I often come across clients who have one side of their body that is stronger than the other. Why does this happen? Is it simply because we were born to prefer one side over the other? Does it matter?
The fact of the matter is that our bodies are asymmetrical and they were made that way. The liver is on the right, the heart is on the left, etc. The issue isn't that our bodies are asymmetrical, it is if we start to pattern in an asymmetrical way that can lead to injuries.
One way this clearly came across to me was the other day when I was walking my daughter to school. She wanted to use her scooter and as we were going along she tells me that her left leg just doesn't like to go on her scooter. Of course not being able to turn off my PT brain, I asked her to try both. See if you can notice anything about the videos below:
Right Leg on Scooter, Left Leg Propelling:
Left Leg on Scooter, Right Leg Propelling:
Here were my immediate observations:
When she had her right leg on the scooter, my daughter's hips were level, her right lower extremity was in neutral alignment, her overall movement was fluid and she looked strong.
When you compare the 1st video to the 2nd, where my daughter stood on the scooter with her left leg, you can immediately see that her left lower extremity is not as stable. Her left knee goes inward (into knee valgus and femoral adduction and internal rotation). She also has a harder time propelling with her right lower extremity because her left leg does not provide a strong and stable base on the scooter. My daughter immediately tries to switch back to her right leg because she just can't go as fast and doesn't feel comfortable on this side.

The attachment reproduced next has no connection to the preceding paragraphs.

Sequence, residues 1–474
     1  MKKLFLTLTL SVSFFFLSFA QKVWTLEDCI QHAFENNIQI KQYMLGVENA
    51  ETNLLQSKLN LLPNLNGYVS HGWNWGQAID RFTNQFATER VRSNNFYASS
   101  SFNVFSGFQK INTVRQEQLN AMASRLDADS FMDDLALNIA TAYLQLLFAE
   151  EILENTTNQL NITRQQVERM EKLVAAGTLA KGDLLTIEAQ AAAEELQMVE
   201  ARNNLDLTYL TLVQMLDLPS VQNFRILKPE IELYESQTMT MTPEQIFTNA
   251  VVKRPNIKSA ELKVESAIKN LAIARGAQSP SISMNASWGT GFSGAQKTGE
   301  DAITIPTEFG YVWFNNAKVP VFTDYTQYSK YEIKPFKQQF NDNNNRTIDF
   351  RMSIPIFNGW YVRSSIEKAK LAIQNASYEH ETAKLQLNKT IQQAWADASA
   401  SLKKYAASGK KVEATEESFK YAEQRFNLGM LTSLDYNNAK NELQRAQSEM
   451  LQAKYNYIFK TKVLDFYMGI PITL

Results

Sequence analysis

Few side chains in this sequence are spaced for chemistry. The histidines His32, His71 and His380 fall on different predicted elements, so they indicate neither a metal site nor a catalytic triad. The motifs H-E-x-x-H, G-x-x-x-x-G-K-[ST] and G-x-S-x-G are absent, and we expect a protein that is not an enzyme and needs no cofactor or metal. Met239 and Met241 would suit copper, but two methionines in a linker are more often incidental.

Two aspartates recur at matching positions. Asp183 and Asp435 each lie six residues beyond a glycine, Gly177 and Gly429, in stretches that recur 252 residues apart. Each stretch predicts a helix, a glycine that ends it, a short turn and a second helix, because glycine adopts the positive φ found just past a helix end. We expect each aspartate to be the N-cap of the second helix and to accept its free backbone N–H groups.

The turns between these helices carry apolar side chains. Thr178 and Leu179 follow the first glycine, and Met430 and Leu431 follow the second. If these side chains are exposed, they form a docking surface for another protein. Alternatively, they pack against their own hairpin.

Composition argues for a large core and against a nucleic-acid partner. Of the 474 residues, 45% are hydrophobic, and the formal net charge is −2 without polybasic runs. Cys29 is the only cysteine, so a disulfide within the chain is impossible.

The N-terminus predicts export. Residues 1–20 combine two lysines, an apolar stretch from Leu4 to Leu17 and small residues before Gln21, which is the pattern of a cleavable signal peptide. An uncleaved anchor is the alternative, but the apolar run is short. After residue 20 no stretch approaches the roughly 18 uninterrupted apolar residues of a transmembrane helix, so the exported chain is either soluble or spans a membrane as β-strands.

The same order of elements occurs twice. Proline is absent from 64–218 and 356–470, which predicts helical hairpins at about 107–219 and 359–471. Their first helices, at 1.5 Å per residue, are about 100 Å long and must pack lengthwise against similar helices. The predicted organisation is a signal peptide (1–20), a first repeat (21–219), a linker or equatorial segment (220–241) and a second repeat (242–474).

These differences can be identified at an early age. My daughter is 4.5 years old and already has a strong preference to her right side. Although many of us may think that is normal, we want to prevent asymmetrical strength/preference differences from becoming a problem in the future. Prevention is key!!
In my daughter's instance, we do little challenges to get her to use her left side more. Each time we get to a street crossing on her scooter she switches to the other side to give each leg an equal opportunity. I give her short cues to try to get her left leg in a more "neutral" position (i.e. "Bring your knee out" or "Straighten your foot" or I show her by just moving her leg into the position I want it to be in). She took to this really well and gets excited to make her left leg stronger.
In the past I have also encouraged my kids to use reciprocal gait up and down the stairs - meaning you alternate each foot with every step going up and down - once they were physically able to. There are definitely ways for you to test your own strength differences by comparing side to side as well. Things like single leg balance time, the amount of weight/reps of an exercise you can perform on one side versus the other, etc.
Ultimately, it is very common to notice differences between your right and left side...and that is ok. What we want to make sure is that we address any weaknesses due to these asymmetries that can cause your body to compensate in a way that can be harmful over time. And of course, the sooner you identify these differences and take the steps to address them, the better!
If you have any questions on this post, please feel free to reach out to me at firstname.lastname@example.org.